AppForce1: news and info for iOS app developers

We have been using Xcode for such a long time…

February 01, 2022 Jeroen Leenarts Episode 66
AppForce1: news and info for iOS app developers
We have been using Xcode for such a long time…
Show Notes Transcript

How about that, some primordial version of what we now call Xcode has been released 20 years ago. That is just epic. Find out more on the history of Xcode and other new interesting articles now.

Articles mentioned this week:

Also mentioned a Twitter space I am co-hosting this Wednesday.

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Jeroen Leenarts:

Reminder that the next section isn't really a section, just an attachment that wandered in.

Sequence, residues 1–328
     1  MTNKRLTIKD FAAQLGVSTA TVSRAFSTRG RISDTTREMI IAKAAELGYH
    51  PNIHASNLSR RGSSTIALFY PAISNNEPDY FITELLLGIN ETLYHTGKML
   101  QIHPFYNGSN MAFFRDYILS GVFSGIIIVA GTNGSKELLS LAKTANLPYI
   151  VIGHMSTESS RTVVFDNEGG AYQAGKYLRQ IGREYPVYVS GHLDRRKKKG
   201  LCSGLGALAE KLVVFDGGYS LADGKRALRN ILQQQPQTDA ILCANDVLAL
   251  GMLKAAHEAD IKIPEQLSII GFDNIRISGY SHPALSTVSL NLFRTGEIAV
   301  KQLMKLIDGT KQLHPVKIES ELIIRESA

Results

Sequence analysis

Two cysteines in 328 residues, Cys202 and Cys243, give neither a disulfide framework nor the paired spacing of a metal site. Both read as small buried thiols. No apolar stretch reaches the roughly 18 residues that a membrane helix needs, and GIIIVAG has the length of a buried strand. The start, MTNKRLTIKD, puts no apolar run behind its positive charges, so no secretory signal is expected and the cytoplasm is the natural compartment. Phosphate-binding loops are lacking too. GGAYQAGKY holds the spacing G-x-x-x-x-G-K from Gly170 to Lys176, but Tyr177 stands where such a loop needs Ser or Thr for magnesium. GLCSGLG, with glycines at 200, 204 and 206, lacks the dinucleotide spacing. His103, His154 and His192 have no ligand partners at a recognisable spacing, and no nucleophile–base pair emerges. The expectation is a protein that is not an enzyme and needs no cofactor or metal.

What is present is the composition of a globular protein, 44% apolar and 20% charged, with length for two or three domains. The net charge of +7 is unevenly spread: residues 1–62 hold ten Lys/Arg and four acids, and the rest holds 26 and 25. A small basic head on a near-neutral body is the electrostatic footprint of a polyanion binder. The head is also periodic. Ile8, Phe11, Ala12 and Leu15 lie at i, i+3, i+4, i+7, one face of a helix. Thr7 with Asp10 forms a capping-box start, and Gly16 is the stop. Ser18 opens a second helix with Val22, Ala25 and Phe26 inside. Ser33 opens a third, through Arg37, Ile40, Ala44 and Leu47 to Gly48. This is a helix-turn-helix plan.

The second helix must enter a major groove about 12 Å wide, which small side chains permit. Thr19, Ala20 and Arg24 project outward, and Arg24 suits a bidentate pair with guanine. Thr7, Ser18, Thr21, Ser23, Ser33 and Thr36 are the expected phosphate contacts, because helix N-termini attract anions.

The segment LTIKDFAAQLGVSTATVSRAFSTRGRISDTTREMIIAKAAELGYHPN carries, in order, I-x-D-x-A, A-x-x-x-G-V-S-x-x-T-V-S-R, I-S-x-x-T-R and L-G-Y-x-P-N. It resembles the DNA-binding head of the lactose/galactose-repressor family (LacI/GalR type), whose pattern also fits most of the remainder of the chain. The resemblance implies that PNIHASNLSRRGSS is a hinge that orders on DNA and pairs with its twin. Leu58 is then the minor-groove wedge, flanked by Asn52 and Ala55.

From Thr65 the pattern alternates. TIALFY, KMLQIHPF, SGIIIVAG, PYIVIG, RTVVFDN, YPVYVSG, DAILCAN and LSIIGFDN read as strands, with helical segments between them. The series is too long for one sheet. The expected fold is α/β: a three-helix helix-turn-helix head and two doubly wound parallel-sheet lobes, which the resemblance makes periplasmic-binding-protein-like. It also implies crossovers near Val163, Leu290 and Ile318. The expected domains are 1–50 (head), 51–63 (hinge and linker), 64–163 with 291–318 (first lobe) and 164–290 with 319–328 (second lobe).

Hi, welcome to the sixth sixth episode of my podcast. My name is Leenarts. And I've been developing software for over 20 years developing iOS apps for over nine years and running that code katfoe. For eight years. If you're an iOS app developer, you should listen to a podcast because it will keep you updated on interesting articles, conferences and events you might not have heard about. In this episode, I'm going to talk about hosting your Swift library docks on GitHub Pages, special effects with Swift UI, how to create asynchronous swift command line tool with async parsable commands, how to more gracefully handle non optional core data properties in Swift and Xcode through the years. Last week, it's been a really busy week for me, so I released a lot of content. And there's one specific thing that I really want to talk about a little bit. And that's the Twitter space thing that I did with a colleague of Stefan, it was really enjoyable. And I was kind of surprised with the amount of people that showed up in the Twitter space, because I was expecting like, you know, maybe five or 10 people. But in the end, we had like, 50 people listening. And I think at some point, we had over 100 people listening. So it's good thing that I didn't see these statistics while I was doing my Twitter space, because probably I would have caught some some stage right then and there. Because, yeah, it was a lot more than I expected. And also, I must say, the effects of the Twitter space, and they've been amazing. The tweets that we were sharing before the fence about Twitter space, they got a lot of traction. So that was a good thing. And yeah, we're gonna do it again this week. And we're going to focus the next Twitter space that we're doing this week, even more just on on the stuff that we want to talk about. So I hope you can join us again, this week, it's going to be Wednesday evening, in Central European Time. And yeah, who knows, just have a look at my Twitter and can find the Twitter space. Another thing that was quite interesting was a little script that I wrote for my website. It's really simple. It's a parsing of the RSS feed of my blog, and then are filtered on attack that it adds to all my interview episodes. And it's basically a listing of all those people. And I'm actually approaching 70 people that I've interviewed from a podcast, I was kind of shocked by the sheer number of people. And yeah, I must say that that was very cool to see that. In all the time that I've been doing this podcast, a little over a year now that I was able to just interact with so many people. So h1, I've looked at it, I will make sure to link it from the show notes. Because this specific page is not linked for from a website yet. It's app force one dotnet slash podcast slash interviews. On another note, here in the Netherlands, most Corona restrictions are now lifted again, there's still a few things in place, you can't go to the can you can't go to the restaurant or cafe or pub after 10 o'clock in the evening. In my specific case, not a big issue really. I'm just more looking forward to the rest of the year. Because one of the conferences I plan on attending swift Heroes is now selling tickets, and never really good deal if you want to get an online tickets as well. So check them out at Swift heroes.com. Also, I would like to thank my sponsor runway, check them out. They also have open positions. So look at a website runway dot team. So now let's dive into the articles of this week. First one I wanted to talk about is hosting your Swift library docks on GitHub pages. So the better for Xcode 13.3 dropped yesterday, when it came a released version of Swift 5.6. And a bunch of neat additions that the 5.6 release enables a feature that Joseph was really looking for are two things to capability for plugins to extend the commands available within Swift package manager, and a static hosting option that was added to the documentation compiler tool Doxie, that Apple announced an open source this past year, the two elements came together with the initial release of these fifth Doxy plugin, a plugin to Swift package manager that adds the ability to generate documentation on the command line with the command Swift package generate documentation. And what this command enables you to do is generate a static version of your doc see documentation. So that's probably something you can host on a static web service. So in article by Joseph hack, he will go into the steps that you need to take to make sure that you can host your doc see documentation on GitHub Pages, that's pretty much amazing documentation that you can then host on a free service. And I think this is going to be very interesting for a lot of open source libraries. Because of course the documentation is available within Xcode. But how cool would it be to just Have it navigable and searchable on the internet as well, right? There are still some caveats and rough edges around the generation of documentation and publishing it on GitHub Pages. And those are all nicely listed on the website by Joseph heck, check it out. And let's dive into this new Xcode better. And this is one of the coolest features that's actually in the new Xcode release. The second article I wanted to talk about was by Paul Hudson, the special effects with Swift UI. So I'm just going to read a little bit of this article. Everyone knows swift UI does a great job of creating standard system layouts with lists, buttons, navigation views, and more. And while it's really useful, all doubts that most people would call it fun. In his article, Paul is going to show you how to use fifth wire to build something fun, beautiful. And unlike anything you've seen before, you'll need at least Xcode 13 and iOS 15 or later, but you also need to download a single image from the site by Paul Hudson. So in his article, Paul details, a particle system that requires very few lines of code to implement, and the effects that it can generate are quite substantial and interesting. So just have a look through this article, maybe play with sample code a little bit, maybe follow along with the article yourself and just have a play with all kinds of cool things that you can do within iOS and Swift UI. So the third article I wanted to talk about is called How To Create asynchronous swift command line tool with async parsable commands by Anton Swift argparse package provides great infrastructure to write command line interfaces. And normally, a CLI tool processes tasks in synchronous ways, one command after the other, but sometimes when interacting with long running tasks such as communicating with remote servers, you want to give your users obviously like the feedback about the progress, and also to show any errors that could have happened during the processing. So currently, there are different ways to create asynchronous CLI commands using Swift argument parser such as run loop main run dispatch, main and dispatch, semaphore, these API's might regret but it's quite complicated to integrate into a command line interface in his article and tries to introduce you to a new incoming feature on Swift argument parser, which simplifies the writing of asynchronous CLI commands a lot by using async await keywords and converting your main entry commands into async main, you can call your asynchronous command sequence with simple API's, but still have things of course, happening asynchronously. So have a look at this article. It's quite a nice overview of an incoming feature on the Swift argument parser. And I think you'll like it, because once you get started developing your own small little command line utilities for development, it's it's amazing, it's a superpower, it allows you to automate a lot of things. The fourth article How to more gracefully handle non optional core data properties in Swift is an article by Justice quires, about some strategies that you can use to make sure that non optional core data properties don't crash your app and how you can deal with these in a relatively graceful manner. So if you're dealing with Core Data a lot in your code base, and you're having some runtime issues with the occasional random crash, have a look at this article, because there's bound to be some tips tools in there that you can immediately apply on your codebase to improve your quality of life with Core Data. And the final article of this week is a sort of, well throwback article. It's by a Martian craft. It's written by Corey Bohan. And it is Xcode through the years. So it's a nice overview of all the Xcode versions that we have seen. Right from the start when Xcode was released, initially, almost 20 years ago. Of course, we are talking a little bit about the predecessors of Xcode swell, mainly project builder. And it's just awesome to see how right from the start within the IDE that Apple produced. There were already some concepts in there that we're still using today, have a look at this article. There's a lot of screenshots in there that allow us to just have a quick cursory overview of everything that has happened to the ID that we use every day. And now to wrap things up. Let's have a look at Tony's Monday morning tweets. First off, I was again one of the first people to respond to Danny's tweet. And my plans for this week are to write an article a newsletter record a video and a podcast episodes publish a newsletter, you can sign up to that point from a Twitter profile onboarding a new team member co hosting a Twitter space and running through a few tutorial to check correctness and then there's of course the mandatory meetings that you have to attend goal is to have a lot of fun while doing that. I feel that Nemecek came to the realization that promoting his own projects on this block is quite a good idea. So he put in Prescott iOS feeds in the apps catalog and Django blocks on his blog. Daniel Messiah published a menu bar huge player to the Mac App Store. He needs to want to keep listening to DQ mix even when he abruptly quits his browser. So it's free by the way, so have a look at that one. Tim is enjoying some time off from work and study after passing his graduation presentation and defending it successfully. It's been a long fun and interesting and somewhat happy four years combined to work and study but he's caught there. Congratulations man. Piazza Janeski is working on some swift UI app for the next weeks. His target is to use 100% Swift UI without UI Kit code for the MVP. So he hopes he can make it. And he's definitely planning on having a lot of fun. Francis Fang mentioned that he got his new app approved a bookmark manager for Mac OS and iOS earlier today. And he's now working on a new feature for the iOS version commutes mentioning that he's adding subscriptions to his app receipts see, using revenue cat, and he's probably going to enjoy that one because revenue cat has an awesome API flow, right? Skullz mentions that he had an awesome weekend. Last week, he hacked away at an app, an Xcode extension, really, that automatically localize the Swift UI code. You just need to select the Swift UI view or a file and specify the language xe localize. It just does everything else. Unreal. Eskalene has been working on a new app, and he released it last week. It's the Mac version of email me app. So you can find more about this app. At email me app dotnet, Charles Albert mentions that he publishes new websites where he shares his bike packing and backpacking adventures. And he really likes that he's able to combine code design and his hobbies in one package. So if you look at all the tweets on Danny's Monday morning tweets, it's basically people adding new features and launching them to the App Store. And yeah, that's just amazing to see small little tweaks that just make the life of all their users much better. So I'd say keep at it and keep on pushing. And I hope to talk to you again next week. If you have any feedback, please let me know on Twitter, at Air Force One, you can send me a message there or send me a DM they're always open. Talk to you again next week.